The MEGA65 can handle two devices on the FDC, two floppy drives (connected with the same ribbon cable) or two disk images mounted from a SD-card, or a combination of one floppy drive and one image.

he situation is complicated more by the fact, that the MEGA65 CPU can be run at different speeds (1MHz, 2MHz, 3.5MHz, 40MHz) which can be too slow or too fast, dependent on the selected LOAD routine and the device (floppy drive vs. Image).

By the way, the C64 mode has its own kernel and BASIC ROM, with high compatibility to the original C64, but the tape routines in the C64 ROM are removed and the IEC routines are intercepted and call the same CBDOS routines as in native 65 mode.

So here we have a source code with a lot of legacy code from former floppy drives, burst mode routines adapted from the 1571 and 1581 DOS, new routines for the C65/MEGA65 and finally new features, for example to use the two drives, handled by the FDC either as drive 0 and 1, like a CBM dual drive like the 4040 or 8050, or emulate two single drives assigned to two different units (8 & 9 as default). This leads to bizarre situations if you read for example from unit 8 and write to unit 9, the DOS will be busy sending TALK, TALKSA signals for reading a byte and then UNTALK, LISTEN, LISTENSA for writing the byte, though every communication goes to the same device. This obsolete protocol overhead is responsible for a considerable slowdown in I/O and could have been solved better.
For example by assigning only one device/unit number to FDC and using the DOS like the DOS in the dual drive units.

The next problem is, that the development of the CBDOS was stopped abruptly, before it reached a stable status. Cite from Dennis Jarvis in the source code:
„Estimated time to complete the dos from this point would be less than 200 hours.    12/03/91 Dennis Jarvis“

At this point I want to make clear, that I don’t want to blame the developers for any issues, bugs or not so optimal solutions. They worked on this code under immense pressure from the management and used Commdore-128, Commodore PC and later DEC-VAX  as development system. I think, they did an amazing job, writing so much code, in a short time with limited ressources. They have my full respect and if I now find some better algorithms and fix bugs, it’s because I have time, no pressure and excellent development tools, that I use on a MAC computer.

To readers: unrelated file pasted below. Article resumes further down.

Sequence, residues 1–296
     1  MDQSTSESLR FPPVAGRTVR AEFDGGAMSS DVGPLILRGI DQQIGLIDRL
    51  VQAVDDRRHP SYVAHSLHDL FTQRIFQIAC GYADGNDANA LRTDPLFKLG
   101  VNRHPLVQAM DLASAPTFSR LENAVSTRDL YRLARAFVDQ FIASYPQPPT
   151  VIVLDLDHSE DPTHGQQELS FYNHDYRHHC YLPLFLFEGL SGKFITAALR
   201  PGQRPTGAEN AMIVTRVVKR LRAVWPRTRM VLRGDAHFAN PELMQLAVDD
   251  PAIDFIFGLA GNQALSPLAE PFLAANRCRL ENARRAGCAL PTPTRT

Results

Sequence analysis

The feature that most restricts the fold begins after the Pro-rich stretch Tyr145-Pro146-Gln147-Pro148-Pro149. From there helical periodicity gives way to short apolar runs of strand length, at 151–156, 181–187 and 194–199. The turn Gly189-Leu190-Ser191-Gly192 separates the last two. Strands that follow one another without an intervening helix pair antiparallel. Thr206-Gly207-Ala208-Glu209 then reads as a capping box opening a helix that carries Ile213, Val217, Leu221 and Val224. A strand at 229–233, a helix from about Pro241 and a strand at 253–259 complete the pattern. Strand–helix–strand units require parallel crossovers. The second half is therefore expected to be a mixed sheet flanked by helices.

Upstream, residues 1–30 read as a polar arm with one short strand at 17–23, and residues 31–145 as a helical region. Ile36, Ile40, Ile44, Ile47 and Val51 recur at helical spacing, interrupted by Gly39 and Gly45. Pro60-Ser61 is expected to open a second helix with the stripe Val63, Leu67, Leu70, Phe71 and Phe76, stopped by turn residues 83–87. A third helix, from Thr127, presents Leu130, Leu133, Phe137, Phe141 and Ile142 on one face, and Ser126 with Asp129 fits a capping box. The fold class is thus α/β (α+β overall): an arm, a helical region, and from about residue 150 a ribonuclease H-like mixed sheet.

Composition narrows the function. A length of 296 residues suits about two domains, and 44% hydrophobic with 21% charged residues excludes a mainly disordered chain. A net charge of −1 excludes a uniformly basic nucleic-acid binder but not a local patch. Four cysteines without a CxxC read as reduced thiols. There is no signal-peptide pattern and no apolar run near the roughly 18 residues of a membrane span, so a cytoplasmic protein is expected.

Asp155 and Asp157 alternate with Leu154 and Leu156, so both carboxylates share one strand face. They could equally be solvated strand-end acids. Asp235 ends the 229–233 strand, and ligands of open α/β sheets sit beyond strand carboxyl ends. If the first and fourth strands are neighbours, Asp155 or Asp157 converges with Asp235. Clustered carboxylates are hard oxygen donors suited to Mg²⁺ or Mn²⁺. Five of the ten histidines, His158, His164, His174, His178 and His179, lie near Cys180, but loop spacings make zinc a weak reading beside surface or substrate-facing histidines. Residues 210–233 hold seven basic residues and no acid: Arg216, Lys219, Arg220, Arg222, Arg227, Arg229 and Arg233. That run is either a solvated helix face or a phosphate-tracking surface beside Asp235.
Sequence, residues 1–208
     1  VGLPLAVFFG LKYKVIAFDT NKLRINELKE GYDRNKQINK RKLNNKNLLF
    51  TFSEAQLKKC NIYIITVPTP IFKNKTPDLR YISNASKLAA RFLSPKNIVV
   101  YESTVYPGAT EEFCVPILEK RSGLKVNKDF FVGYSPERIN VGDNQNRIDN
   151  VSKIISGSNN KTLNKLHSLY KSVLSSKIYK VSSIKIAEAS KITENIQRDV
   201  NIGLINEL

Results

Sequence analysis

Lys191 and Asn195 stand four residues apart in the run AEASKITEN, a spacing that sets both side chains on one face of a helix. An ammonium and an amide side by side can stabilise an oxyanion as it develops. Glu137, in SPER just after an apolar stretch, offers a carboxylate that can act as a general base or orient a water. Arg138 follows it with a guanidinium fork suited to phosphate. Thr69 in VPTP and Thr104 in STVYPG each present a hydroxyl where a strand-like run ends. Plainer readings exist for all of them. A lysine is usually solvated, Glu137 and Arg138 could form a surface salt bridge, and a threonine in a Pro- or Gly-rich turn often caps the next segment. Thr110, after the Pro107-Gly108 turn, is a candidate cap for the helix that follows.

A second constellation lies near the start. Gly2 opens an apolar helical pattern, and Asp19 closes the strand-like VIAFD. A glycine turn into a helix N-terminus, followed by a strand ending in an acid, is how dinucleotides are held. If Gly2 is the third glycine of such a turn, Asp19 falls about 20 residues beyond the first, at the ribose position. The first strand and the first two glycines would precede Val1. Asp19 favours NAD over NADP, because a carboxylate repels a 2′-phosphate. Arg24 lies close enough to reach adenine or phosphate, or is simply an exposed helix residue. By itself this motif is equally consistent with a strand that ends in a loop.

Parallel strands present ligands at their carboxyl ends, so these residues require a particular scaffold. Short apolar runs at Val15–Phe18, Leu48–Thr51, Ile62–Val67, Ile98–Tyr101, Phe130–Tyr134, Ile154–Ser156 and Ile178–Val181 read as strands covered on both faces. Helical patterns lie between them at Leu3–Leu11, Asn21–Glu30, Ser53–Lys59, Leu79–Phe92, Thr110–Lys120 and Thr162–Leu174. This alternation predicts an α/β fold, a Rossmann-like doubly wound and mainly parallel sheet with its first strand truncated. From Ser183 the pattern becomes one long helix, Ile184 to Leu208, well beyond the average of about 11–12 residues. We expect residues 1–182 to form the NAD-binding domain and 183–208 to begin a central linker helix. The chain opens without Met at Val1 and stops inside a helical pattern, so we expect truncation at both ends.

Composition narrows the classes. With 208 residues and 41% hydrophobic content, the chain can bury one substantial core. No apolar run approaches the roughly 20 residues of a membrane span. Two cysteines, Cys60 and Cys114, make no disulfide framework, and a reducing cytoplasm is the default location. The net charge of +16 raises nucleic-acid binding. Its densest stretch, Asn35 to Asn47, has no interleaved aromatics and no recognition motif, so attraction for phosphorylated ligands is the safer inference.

Now for a selection of comments, extracted from the file dos.src:

* NOTE: I discovered this routine NEVER performed its task since the 1st   *
*  DOS was coded. This routine was to check to see if there was a drive #  *
*  prefixing the ':', and if there was NOT it was to set BIT 7 in the ACC. *
*  to denote that the DEFAULT drive was being used. We double checked this *
*  on the 2030, 2040, 4040, 8050, 8250 and found it never worked, so I     *
*  recoded it.                                                             *

lda #0   ;Blow away this file

lda temp ;Kludge to test for M-R used by

cmp #$fe ;Check for someone sniffing the irq vector

; You will only see this if the user attempts to read/write to a super relative
; file, and the super relative file capabilities of the dos have been turned off!!!

;inc $d020  ; (FLASH BORDER COLOR?????) leave in until ext. error led works

; problem with dual drives requires
; spinup delay here????